limited over time. He hopes the announcement and release of the Xbox Adaptive
Controller is the first step towards a more inclusive video game culture.
new Xbox Adaptive Controller will make a real difference to disabled people,
particularly those with a muscle-wasting condition whose movements will become
increasingly limited over time,” Bungay said. “We know from our own research
that video games are important to many disabled people. It allows them to
socialise and compete with others on an equal basis, which has a positive
effect on their wellbeing. Despite this, more than one in three young, disabled
gamers told us they feel excluded due to a lack of accessibility. By working in
partnership with Microsoft, we hope that today marks the first step towards a
more inclusive video gaming culture.”
Adaptive Controller has been in the works for almost three years, but Phil
Spencer believes that this is only one step along Microsoft’s journey of
inclusive design – and that there’s more work ahead for the company.
been a passion project for people around the world, both inside Microsoft and
beyond,” he said. “We’re thrilled to introduce it to the world today, tell the
story behind it, and take what we have learned on our journey to inform future
initiatives in inclusive design.”
The Xbox Adaptive
Controller will be available exclusively through the Microsoft Store when it ships
for $99.99 later this year – offering significant value over the customized
alternatives that exist today. Additional details on the Xbox Adaptive Controller will be shared
in a few weeks at E3 2018. This year’s Xbox
briefing will be hosted from the Microsoft
Theater and will take place on Sunday, June 10th at 1pm PDT (4pm EST, 9pm
more information on the Xbox Adaptive Controller, be sure to check out the latest feature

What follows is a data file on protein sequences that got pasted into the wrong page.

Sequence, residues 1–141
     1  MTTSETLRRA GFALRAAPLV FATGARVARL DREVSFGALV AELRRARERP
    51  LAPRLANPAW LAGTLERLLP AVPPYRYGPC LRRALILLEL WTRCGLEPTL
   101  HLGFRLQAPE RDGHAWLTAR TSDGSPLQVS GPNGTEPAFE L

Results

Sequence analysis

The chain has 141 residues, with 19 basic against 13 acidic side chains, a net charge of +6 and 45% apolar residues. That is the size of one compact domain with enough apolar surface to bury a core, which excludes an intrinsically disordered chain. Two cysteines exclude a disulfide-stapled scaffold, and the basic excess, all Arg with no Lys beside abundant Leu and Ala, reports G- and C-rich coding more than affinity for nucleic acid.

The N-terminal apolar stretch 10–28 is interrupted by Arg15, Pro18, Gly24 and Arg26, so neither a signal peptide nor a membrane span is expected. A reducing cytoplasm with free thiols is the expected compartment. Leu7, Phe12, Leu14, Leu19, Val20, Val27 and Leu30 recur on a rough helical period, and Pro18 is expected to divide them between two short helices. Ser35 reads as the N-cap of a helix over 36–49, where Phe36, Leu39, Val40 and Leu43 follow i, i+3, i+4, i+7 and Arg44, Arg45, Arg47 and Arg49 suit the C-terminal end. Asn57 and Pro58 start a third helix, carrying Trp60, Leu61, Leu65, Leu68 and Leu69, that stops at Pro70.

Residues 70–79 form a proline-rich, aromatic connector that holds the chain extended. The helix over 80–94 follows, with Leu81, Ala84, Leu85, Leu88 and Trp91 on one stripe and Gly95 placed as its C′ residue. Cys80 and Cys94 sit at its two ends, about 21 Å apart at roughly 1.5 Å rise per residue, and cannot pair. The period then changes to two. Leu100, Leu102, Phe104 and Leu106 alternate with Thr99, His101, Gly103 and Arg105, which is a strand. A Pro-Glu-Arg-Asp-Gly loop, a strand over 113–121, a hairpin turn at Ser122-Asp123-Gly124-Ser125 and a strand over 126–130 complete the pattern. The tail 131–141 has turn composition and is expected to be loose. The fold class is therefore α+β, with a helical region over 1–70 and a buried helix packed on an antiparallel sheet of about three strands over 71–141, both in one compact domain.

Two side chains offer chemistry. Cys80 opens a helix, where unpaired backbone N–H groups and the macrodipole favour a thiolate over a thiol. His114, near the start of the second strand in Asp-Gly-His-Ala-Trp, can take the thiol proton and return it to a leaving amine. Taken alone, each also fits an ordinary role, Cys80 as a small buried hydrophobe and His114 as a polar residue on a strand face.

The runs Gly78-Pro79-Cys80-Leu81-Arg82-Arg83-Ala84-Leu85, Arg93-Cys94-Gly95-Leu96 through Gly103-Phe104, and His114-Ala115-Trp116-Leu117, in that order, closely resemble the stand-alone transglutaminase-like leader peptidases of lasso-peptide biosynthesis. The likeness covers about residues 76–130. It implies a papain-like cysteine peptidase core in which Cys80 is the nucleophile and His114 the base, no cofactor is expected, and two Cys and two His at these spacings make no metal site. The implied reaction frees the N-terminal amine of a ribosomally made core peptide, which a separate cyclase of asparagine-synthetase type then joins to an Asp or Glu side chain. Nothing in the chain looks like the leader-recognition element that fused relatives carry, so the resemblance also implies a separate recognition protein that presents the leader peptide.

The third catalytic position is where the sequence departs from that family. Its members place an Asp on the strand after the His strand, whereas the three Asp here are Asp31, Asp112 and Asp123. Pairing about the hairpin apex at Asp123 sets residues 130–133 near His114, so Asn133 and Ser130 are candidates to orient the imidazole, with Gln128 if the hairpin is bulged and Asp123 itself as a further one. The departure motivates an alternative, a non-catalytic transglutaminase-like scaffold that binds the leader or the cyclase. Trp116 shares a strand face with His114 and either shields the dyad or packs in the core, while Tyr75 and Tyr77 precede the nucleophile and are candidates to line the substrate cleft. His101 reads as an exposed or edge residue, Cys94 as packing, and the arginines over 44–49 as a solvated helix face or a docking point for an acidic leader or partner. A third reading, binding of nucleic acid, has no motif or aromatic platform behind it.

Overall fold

piece on Microsoft Story Labs and hear directly from Microsoft
Chief Accessibility Officer Jenny Lay-Flurrie in her blog post, which commemorates
Global Accessibility Awareness
Day. To celebrate this incredibly important day, we also released a feature
story on the accessibility
features implemented by Turn 10 Studios into Forza Motorsport 7 that make
it the most inclusive racing game out there.
Adaptive Controller is the latest example of Microsoft’s commitment to
accessibility and inclusive design, as well as the company’s mission statement
to “empower every person and every organization on the planet to achieve more.”
It’s a line that’s often used by Microsoft’s CEO, Satya Nadella, and it applies
to all aspects of the Xbox Adaptive Controller, which will be a game-changer
for the millions of disabled gamers around the world. Kudos to the entire Microsoft
team on this incredibly special and unique product.
Alan is the co-founder and co-owner of FullThrottle Media. As someone who enjoys spending all his free time playing video games, he keeps the website updated with new and relevant content, including news stories, reviews and opinion pieces for the games he likes writing about the most. He also tweets too much, probably.